Here is the Creedence record (and the movie with Jeff Bridges …)

«According to a shared opinion they are the greatest rock’n’roll band in the world. With them the spirit of rock is not only alive and kicking but kicking like a mule ». So, enthusiastically, wrote the Times of the Creedence Clearwater Revival concert at the prestigious Royal Albert Hall that April 14, 1970, when John Fogerty’s band had five singles (the likes of Proud Mary, defined by Bob Dylan as the most beautiful song of the years’ 70 and the committed Fortunate Son) and three albums topping the world charts. Creedence had been the highest paid band in Woodstock (10 thousand dollars) but the legendary performance of that day in London consecrated them definitively king of the Olympus of rock.

That concert, mythologized for years, is now released as The Royal Albert Hall Concert on cd and vinyl (produced by the award-winning Giles Martin) and the documentary Travelin ‘Band embellished by the narrative voice of Oscar winner Jeff Bridges. Attention, years ago an album with the same title was released, but it was a crafty commercial operation that referred to a concert held in Oakland.

John Fogerty (composer, voice and soul of the group) still very active today (he is always in concert and has recently recorded Fogerty’s Factory, a parody of his famous album Cosmo’s Factory where he reinterprets the Creedence classics with his sons) had to say about the music of Creedence: «On the one hand we assimilated the black r’n’r, which came from Chicago and Chess Records, to be clear that of Bo Diddley, Howlin Wolf, Muddy Waters. On the other hand, we assimilated the Sun Record Sound which was the white r’n’r of Carl Perkins, by Elvis Presley, blending it with the softer atmospheres of Johnny Cash. Put all these things together and you will have the r’n’r of Creedence. ‘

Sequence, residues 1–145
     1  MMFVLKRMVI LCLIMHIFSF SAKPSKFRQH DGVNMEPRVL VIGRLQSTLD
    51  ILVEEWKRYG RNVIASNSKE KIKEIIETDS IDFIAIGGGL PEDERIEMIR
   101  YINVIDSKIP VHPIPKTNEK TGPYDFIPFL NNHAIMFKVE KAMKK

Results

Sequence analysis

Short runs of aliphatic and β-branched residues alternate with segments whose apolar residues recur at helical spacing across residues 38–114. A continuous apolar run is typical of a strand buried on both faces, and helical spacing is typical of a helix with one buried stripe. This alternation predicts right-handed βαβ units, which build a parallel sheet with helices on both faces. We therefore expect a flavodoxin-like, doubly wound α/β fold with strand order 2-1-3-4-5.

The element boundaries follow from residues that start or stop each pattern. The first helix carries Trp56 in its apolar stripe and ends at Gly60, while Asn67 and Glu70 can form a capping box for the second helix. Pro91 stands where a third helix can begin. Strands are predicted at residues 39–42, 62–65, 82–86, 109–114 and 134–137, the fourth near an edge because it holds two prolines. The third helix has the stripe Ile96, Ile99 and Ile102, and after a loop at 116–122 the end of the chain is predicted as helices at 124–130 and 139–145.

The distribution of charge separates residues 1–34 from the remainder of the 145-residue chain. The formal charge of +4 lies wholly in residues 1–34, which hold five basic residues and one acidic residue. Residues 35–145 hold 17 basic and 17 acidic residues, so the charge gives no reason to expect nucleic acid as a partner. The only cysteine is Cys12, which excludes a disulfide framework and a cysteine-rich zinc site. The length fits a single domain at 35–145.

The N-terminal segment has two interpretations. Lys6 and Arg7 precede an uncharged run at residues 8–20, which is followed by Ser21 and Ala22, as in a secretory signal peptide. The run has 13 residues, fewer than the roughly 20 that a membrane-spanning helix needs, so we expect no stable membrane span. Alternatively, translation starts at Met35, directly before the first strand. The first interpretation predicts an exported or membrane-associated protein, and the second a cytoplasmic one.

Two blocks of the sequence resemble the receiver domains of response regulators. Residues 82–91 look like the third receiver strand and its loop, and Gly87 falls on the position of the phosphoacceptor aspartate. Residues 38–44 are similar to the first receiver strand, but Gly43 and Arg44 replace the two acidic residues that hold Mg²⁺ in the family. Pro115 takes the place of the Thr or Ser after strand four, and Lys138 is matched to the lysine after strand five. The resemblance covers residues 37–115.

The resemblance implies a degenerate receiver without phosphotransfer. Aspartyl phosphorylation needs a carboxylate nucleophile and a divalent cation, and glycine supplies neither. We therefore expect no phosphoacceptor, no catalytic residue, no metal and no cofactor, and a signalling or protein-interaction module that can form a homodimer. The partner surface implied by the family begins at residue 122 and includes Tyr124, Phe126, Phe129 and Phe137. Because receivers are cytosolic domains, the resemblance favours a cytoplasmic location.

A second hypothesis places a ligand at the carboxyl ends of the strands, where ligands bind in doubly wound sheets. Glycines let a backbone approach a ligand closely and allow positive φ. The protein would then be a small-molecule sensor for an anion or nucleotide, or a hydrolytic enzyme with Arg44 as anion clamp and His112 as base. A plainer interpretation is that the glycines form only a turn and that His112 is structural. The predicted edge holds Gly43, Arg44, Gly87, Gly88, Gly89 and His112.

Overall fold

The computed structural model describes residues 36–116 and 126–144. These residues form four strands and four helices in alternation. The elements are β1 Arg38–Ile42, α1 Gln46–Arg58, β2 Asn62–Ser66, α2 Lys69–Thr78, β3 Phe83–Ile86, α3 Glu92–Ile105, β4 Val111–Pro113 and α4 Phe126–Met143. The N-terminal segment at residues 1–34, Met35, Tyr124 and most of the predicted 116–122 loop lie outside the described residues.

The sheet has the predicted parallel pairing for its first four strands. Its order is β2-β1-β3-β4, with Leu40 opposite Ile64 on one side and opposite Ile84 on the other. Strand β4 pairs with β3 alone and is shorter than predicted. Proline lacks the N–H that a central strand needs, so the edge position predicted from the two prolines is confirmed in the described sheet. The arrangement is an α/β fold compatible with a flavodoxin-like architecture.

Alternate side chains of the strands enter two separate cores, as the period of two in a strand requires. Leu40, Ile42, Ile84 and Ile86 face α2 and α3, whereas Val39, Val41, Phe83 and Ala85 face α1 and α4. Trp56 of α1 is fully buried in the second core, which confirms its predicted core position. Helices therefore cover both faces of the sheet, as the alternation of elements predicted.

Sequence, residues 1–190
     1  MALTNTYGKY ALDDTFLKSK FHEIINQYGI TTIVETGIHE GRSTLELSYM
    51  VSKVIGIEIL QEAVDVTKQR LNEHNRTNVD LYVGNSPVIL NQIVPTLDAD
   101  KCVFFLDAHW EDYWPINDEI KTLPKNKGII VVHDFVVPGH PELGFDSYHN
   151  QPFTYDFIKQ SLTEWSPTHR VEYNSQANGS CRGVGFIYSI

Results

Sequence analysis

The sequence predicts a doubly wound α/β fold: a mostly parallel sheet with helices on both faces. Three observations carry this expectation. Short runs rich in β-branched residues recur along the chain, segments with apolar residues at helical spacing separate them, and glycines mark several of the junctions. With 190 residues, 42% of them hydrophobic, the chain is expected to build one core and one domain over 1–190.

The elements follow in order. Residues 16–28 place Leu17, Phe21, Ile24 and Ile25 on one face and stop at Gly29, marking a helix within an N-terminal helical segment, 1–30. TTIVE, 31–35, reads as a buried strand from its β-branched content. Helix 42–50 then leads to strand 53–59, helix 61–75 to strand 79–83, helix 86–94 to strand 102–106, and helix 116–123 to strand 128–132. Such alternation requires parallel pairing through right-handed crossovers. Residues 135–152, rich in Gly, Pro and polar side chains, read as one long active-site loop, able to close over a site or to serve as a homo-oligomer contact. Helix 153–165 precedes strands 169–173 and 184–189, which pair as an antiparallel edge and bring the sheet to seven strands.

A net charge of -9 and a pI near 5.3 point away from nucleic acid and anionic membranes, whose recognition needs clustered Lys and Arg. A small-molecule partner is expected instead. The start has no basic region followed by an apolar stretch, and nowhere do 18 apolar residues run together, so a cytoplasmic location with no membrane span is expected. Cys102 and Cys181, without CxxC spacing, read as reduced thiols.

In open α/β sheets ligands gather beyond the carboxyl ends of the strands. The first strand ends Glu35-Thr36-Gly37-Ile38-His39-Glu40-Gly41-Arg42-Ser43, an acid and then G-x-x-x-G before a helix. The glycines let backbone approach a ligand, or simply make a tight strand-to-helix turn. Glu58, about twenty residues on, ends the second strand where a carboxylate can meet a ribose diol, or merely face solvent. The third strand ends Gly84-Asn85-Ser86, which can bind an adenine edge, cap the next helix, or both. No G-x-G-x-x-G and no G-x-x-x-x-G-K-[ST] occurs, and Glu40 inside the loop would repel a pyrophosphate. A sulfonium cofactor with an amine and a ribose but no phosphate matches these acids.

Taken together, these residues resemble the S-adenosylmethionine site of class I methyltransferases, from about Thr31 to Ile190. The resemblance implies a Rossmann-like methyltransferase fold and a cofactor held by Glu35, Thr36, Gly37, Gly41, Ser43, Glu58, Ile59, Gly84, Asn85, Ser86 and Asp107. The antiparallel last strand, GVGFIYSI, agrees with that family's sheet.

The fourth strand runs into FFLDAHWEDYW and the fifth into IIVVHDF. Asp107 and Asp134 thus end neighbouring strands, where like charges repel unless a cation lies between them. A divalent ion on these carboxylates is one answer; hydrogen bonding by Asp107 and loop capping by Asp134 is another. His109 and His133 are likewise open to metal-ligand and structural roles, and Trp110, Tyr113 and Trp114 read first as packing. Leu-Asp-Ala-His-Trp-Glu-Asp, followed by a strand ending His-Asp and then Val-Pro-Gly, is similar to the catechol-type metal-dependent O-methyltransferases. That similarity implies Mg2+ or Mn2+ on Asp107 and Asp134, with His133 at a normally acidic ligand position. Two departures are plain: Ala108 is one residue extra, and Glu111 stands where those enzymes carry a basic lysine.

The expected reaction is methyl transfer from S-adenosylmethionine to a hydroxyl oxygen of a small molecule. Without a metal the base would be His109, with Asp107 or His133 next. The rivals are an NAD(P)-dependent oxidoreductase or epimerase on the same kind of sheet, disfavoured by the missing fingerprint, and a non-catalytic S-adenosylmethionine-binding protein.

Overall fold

But the real miracle of Fogerty was to invent the sound of the Bayou (the swamps of Louisiana) and launch the swamp rock. “To make a swamp song – says John – you need a distorted guitar, a strong rhythm and keywords like Hoodoo Man or Cajun Queen”. Typical of this style is the powerful Born On the Bayou, with which Creedence (and Fogerty still today) opened their shows.

John’s compositional prolificacy allows him to churn out an album every four months or so (records such as Green River, Willy and the Poor Boys, Cosmo’s Factory, Pendulum) whose production cost is only $ 2,000 while each of these records will yield something like $ 15 million each. Fogerty will always have a conflicting relationship with money and the band will have a very long lawsuit with Saul Zaentz, their discoverer and manager of the record company, accused of having made very large sums disappear.

Too bad that the absolute power of Fogerty has “fed up” his brother Tom, reduced to a simple rhythm guitar, who at the end of 1971 left the band. In trio Creedence released the album Mardi Gras but then after a tour, under the banner of “It’s not like it used to be, it’s not fun anymore” they broke up.

Fogerty will be on track as early as 1973 with the country album Blue Ridge Rangers in which he plays all the instruments alone, from the banjo to the violin, and then he will continue to write great music with songs like Rockin All Over the World, often reprized by Bruce Springsteen. in his live concerts. His post Creedence masterpiece is certainly the award-winning Centerfield in which there isn’t a song out of place.

Here is the Creedence record (and the movie with Jeff Bridges …)